saying at a Kadima forum. Leading media reported that criticism of
Olmert on this matter among Kadima members is growing.

The Jerusalem Post reported that 80,000 illegal weapons are believed
to be in the hands of West Bank terrorists, according to the IDF's
latest assessments of the ongoing power struggle between Hamas and
Fatah. The newspaper quoted Israeli defense officials as saying
that Hamas could pose a genuine threat to PA Chairman [President]
Mahmoud Abbas's security forces.

Makor Rishon-Hatzofe quoted a senior Israeli defense source as
saying on Monday that Syria's budgetary investment in shoring up its
military is equal to its growth during the preceding eight to nine
years.

All media reported that on Monday female Israeli tennis player
Shahar Pe'er reached the quarterfinals of the US Open.

Major media reported that on Monday IDF Chief of Staff Gabi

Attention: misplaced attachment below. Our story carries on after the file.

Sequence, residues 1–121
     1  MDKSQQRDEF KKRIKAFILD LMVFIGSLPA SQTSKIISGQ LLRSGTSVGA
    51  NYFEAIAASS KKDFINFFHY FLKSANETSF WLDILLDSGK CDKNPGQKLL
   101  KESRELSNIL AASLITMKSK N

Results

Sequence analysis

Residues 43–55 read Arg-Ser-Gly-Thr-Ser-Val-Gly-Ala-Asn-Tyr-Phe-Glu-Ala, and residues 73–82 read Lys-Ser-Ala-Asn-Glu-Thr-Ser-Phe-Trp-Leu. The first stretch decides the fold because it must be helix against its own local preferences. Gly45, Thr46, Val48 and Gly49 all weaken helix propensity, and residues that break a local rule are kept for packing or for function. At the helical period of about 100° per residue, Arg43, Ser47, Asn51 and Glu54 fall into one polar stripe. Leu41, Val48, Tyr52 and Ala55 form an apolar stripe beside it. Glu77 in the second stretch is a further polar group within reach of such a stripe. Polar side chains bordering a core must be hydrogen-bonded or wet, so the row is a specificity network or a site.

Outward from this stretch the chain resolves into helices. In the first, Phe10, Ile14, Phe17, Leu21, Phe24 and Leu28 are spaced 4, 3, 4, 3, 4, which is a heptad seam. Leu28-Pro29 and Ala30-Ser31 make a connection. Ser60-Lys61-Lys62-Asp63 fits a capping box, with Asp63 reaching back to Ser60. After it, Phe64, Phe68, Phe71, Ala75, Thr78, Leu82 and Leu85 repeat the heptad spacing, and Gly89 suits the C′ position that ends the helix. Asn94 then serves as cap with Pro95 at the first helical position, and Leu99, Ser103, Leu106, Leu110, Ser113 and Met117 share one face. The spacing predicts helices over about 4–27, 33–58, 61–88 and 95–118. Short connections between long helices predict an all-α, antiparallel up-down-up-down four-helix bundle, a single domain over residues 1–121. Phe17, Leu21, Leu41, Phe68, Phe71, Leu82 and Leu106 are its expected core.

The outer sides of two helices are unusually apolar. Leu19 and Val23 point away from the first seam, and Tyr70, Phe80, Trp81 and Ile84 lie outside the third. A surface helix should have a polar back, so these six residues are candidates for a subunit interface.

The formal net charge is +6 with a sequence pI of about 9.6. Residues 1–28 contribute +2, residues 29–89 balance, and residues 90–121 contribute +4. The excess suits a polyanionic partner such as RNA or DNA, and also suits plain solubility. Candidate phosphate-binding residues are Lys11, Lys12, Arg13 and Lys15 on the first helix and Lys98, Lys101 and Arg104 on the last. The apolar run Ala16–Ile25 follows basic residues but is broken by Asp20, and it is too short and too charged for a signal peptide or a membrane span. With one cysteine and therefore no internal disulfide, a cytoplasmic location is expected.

Ashkenazi approved a multi-year, multi-dimensional procurement
program for the IDF. If the political leadership approves the
program, its implementation will begin early next year. The
procurement program, code-named Tefen, includes advanced systems for
all branches of the IDF but much of the emphasis is placed on
equipping the ground forces while sustaining the right mix "to
ensure that we are not preparing for the last war," as one senior
officer was quoted as saying in Ha'aretz.

Ha'aretz and other media reported that Tony Blair, the Quartet's
Mideast envoy, is returning to the region for the second time since
he was appointed.

Ha'aretz reported that a plan to reduce the number of internal
checkpoints by nearly 50 percent has been lying in the Defense
Ministry's inbox for almost a year. Ha'aretz quoted US defense